What I found compelling was the book’s portrayal of Australian soldiers in general. While the Italians are clearly the enemy, the Australian soldiers are also flawed figures. They have vices and commit crimes including beating Italian prisoners of war and, in one instance, attempting to bayonet a wounded Italian soldier. Such actions align with Peter Stanley’s research into bad behaviour among Australian soldiers in the First World War. The men also have the full range of emotions and psychological responses to killing Italians and seeing their mates wounded. The soldiers are vulnerable men, and this portrayal humanises them in such a way as to break away from the one-dimensional, glorious portrayal of Australian servicemen characteristic of Anzackery. That said, the Italian soldiers – who only appear briefly – come across as pretty one-dimensional baddies.
Mine explosion, Alexandria Harbour, 1941 (Museum Victoria)
The other characters who have important backstories are the couple Yetta and Ernst, who nurse James back to health and almost adopt him as part of the family. Their story is certainly compelling: Yetta is Jewish, and the couple escaped the Nazis but still must hide in Alexandria because of their German backgrounds. Their son Uriel went to Poland to become involved in the resistance, and there is a confusing storyline about his fate between Poland, Turkey, Palestine and Egypt. While their story certainly draws the reader’s interest, it adds another layer of implausibility to the book. That said, the character development and numerous plotlines set Bodies of Men beautifully for an adapted screenplay or mini-series (ABC and Screen Australia: take note).
Gay erotic and romance fiction has a long history of military themes. There are a handful of Australian gay romances which feature the military and war (e.g. The Boys of Bullaroo: Tales of War, Aussie Mateship and More and Albert’s Wars), but most published works come from the United States (a quick search on Goodreads shows titillating American erotic fiction titles such as Don’t Ask, Don’t Tie Me Up: Military BDSM Fantasies and Enlisted Meat). Bodies of Men is, to my knowledge, the first mainstream Australian fiction to explore the dynamics of same-sex intimacy in the armed forces. The sex scenes in Bodies of Men are not erotic, but rather subdued.
Instead, Bodies of Men is about character development, and Nigel Featherstone certainly succeeds in creating a set of characters and relationships with whom the reader empathises. It definitely is a page-turner, particularly as the relationship heats up and the two men, both separately and together, take more risks while dodging the ever-present Australian military police. As an imagining of same-sex relations in the Second World War, and as another tale of gay men destined to love together and apart, Bodies of Men is a worthy read.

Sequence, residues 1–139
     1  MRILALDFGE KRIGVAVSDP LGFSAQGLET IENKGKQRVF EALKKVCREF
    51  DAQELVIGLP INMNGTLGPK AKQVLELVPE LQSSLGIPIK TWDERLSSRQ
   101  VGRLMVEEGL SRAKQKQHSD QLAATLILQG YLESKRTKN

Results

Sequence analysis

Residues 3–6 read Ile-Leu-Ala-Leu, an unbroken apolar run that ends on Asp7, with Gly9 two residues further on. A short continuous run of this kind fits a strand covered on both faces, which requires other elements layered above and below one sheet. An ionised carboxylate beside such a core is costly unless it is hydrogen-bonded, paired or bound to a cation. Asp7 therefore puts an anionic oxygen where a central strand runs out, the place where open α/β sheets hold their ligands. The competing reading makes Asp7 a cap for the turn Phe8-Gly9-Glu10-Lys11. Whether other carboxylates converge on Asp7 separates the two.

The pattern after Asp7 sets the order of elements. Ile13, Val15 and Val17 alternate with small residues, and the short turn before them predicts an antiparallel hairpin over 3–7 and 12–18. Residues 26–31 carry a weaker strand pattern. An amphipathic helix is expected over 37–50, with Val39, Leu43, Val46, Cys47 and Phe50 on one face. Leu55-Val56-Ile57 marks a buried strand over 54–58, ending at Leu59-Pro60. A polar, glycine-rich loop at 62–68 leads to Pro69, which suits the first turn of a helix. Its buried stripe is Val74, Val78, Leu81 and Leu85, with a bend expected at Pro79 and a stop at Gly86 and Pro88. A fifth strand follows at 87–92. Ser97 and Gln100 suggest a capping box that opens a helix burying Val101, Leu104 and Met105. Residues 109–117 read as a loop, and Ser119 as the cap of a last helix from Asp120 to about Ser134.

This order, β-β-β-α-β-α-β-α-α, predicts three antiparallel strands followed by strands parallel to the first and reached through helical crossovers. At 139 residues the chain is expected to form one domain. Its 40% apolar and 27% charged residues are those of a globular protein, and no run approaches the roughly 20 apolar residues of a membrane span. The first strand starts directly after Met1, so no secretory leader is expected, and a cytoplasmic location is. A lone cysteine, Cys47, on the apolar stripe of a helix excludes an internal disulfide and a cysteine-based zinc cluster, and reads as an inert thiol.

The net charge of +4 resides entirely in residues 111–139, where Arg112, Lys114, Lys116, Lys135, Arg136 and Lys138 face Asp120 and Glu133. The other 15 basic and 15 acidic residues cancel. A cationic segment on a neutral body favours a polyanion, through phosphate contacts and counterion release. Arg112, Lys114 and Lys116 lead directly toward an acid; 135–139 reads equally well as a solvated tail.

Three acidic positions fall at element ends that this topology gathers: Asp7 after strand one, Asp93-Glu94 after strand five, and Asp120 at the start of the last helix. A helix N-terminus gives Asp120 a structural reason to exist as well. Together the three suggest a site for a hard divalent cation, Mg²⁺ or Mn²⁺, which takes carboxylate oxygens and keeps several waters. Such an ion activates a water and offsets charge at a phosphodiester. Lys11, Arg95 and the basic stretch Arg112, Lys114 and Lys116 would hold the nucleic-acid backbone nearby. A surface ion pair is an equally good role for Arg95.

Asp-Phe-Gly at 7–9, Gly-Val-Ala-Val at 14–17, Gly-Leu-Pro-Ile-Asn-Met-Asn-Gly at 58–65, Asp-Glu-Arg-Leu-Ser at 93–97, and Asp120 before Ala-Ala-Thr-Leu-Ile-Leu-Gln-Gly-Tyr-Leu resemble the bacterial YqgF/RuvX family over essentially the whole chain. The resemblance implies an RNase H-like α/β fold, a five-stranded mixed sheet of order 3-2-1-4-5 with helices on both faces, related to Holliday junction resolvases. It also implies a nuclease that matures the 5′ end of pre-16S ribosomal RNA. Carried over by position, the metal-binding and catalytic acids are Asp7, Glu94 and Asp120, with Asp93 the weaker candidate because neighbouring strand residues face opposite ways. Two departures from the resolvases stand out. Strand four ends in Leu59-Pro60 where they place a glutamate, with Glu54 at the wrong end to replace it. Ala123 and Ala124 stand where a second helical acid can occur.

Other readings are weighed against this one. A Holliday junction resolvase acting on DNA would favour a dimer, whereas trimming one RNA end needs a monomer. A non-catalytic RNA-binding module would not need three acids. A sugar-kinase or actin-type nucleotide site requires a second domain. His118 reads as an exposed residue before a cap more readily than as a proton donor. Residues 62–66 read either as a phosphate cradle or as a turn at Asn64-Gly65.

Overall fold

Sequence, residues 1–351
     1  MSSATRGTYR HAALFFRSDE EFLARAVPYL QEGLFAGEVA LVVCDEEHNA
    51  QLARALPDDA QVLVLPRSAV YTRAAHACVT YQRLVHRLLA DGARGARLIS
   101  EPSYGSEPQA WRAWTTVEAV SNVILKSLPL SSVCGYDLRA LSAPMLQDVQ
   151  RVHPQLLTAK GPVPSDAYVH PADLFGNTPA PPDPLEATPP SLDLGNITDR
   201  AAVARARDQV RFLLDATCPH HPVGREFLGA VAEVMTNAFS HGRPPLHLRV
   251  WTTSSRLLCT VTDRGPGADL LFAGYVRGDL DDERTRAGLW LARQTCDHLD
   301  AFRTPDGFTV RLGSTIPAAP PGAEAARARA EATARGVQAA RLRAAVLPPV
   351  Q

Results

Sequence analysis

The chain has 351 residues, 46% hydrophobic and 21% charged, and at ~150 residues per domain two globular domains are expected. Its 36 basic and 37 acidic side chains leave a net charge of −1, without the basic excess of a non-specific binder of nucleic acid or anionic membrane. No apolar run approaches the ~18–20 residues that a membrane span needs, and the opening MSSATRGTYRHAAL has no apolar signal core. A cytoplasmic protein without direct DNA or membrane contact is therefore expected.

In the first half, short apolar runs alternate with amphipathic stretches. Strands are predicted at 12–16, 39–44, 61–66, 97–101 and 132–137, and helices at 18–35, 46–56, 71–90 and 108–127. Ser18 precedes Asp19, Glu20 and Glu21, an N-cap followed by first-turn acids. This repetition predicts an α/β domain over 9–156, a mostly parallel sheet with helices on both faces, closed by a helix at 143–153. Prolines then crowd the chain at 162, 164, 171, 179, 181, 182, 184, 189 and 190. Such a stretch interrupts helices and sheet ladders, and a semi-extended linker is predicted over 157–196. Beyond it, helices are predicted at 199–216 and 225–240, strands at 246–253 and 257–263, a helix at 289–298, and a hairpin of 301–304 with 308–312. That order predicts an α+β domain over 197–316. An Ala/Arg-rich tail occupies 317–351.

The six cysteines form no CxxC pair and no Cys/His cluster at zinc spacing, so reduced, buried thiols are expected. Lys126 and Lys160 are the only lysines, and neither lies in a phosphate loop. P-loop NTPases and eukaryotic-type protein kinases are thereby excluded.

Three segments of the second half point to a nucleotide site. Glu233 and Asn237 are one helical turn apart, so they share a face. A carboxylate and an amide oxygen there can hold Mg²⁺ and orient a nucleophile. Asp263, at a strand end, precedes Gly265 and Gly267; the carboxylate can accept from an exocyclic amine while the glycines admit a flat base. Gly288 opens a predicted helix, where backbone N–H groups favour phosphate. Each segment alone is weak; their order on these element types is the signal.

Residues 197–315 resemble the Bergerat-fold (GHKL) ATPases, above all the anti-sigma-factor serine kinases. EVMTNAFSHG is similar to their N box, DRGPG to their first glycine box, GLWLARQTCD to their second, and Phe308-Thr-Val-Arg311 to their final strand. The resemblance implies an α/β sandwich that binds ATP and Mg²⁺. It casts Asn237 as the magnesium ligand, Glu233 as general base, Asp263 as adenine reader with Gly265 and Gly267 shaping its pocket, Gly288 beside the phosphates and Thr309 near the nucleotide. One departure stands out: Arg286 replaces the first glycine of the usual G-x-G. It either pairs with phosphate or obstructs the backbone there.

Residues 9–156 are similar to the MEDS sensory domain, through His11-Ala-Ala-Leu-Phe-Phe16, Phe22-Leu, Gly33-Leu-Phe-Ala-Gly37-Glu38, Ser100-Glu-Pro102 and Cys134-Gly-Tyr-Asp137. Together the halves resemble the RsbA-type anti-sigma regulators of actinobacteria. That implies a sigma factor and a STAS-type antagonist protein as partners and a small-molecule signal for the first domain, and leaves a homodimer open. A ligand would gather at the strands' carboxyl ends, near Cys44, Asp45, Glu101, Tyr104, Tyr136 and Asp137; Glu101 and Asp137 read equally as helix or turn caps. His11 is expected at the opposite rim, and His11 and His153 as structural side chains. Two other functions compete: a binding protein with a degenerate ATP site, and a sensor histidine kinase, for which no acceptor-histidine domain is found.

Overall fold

* Associate Professor Noah Riseman from the Australian Catholic University has published extensively on military service histories, particularly Indigenous and LGBTI service. His most recent co-authored books are Serving in Silence: Australian LGBT Servicemen and Women (NewSouth, 2018) and Indigenous Peoples and the Second World War: The Politics, Experiences and Legacies of War in the US, Canada, Australia and New Zealand (Cambridge University Press, 2019).
 Roderic Anderson, Free Radical: A Memoir of a Gay Political Activist (Salisbury, QLD: Lulu, 2006).
 See, for example, Robert Reynolds & Shirleene Robinson, Gay & Lesbian, Then & Now: Australian Stories from a Social Revolution (Carlton, Vic: Black Inc., 2016); Rebecca Jennings, Unnamed Desires: A Sydney Lesbian History (Clayton, Vic: Monash University Publishing, 2015).
 Yorick Smaal, Sex, Soldiers and the South Pacific, 1939-45: Queer Identities in Australia in the Second World War (London: Palgrave Macmillan, 2015). Reviewed for Honest History by Diane Bell.
 Paul Jackson, One of the Boys: Homosexuality in the Military During World War II (Montreal: McGill University Press, 2004); Emma Vickers, Queen and Country: Same-Sex Desire in the British Armed Forces, 1939-45 (Manchester: Manchester University Press, 2013); Stephen Bourne, Fighting Proud: The Untold Story of the Gay Men Who Served in Two World Wars (London: I.B. Taurus, 2017).
 Peter Stanley, Bad Characters: Sex, Crime, Mutiny, Murder and the Australian Imperial Force (Millers Point, NSW: Pier 9, 2010).